2018 Special Citation: Meridith Kohut’s Venezuela Coverage
In addition to the gold medals for lifetime achievement, the selection board also searches for journalistic accomplishments in the past year that have had extraordinary impact on the region and our understanding of it. Such was the case of a remarkable and devastating collection of photographs from Venezuela by Meridith Kohut.
American photojournalist Meridith Kohut has devoted over a decade of her journalism career to documenting Latin America, living in Caracas, Venezuela since 2007. She spent much of 2017 traveling inside Venezuela, chronicling what will go down in history as one of the most serious humanitarian crises this hemisphere has seen. Venezuela, in the throes of political, economic and social chaos, has been the scene of death, exodus, starvation and misery. Kohut has borne witness to all of it, and in photographs she has shown the world, in great nuance and with deep empathy, what it cannot ignore.
Through the shadowed faces of severely malnourished children, Molotov-cocktail throwing anti-government protesters and Venezuelans suffering from food and medicine shortages who are just trying to survive, her pictures have a soul-wrenching impact that are often more immediate than the written word. She led a 5-month investigation that exposed that hundreds of children had starved to death in government hospitals that was published in December of 2017 in a special section in The New York Times titled “As Venezuela Collapses, Children are Dying of Hunger.” Her photographs are difficult to look at. Yet they must be seen.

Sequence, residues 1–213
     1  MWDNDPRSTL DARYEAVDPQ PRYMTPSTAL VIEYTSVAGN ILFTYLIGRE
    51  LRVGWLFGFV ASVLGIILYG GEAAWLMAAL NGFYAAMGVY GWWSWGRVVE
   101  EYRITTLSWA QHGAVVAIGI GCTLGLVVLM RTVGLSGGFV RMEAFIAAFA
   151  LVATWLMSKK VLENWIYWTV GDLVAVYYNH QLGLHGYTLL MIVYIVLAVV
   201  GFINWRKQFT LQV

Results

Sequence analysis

You can see her award-winning work at The New York Times website.
About Columbia Journalism School
For more than a century, the school has been preparing journalists in programs that stress academic rigor, ethics, journalistic inquiry and professional practice. Founded with a gift from Joseph Pulitzer, the school opened its doors in 1912 and offers Masters of Science, Masters of Arts, a joint Master of Science degree in Computer Science and Journalism, and Doctor of Philosophy in Communications. It houses The Columbia Journalism Review, The Brown Institute for Media Innovation, and The Tow Center for Digital Journalism, The Ira A. Lipman Center for Journalism and Civil and Human Rights and The Dart Center for Journalism and Trauma. The school also administers many of the leading journalism awards, including the Alfred I. duPont-Columbia University Awards, the Maria Moors Cabot Prizes, the John Chancellor Award, the John B. Oakes Award, the Dart Awards, the Paul Tobenkin Memorial Award and the Mike Berger Award. www.journalism.columbia.edu
Chantal De Soto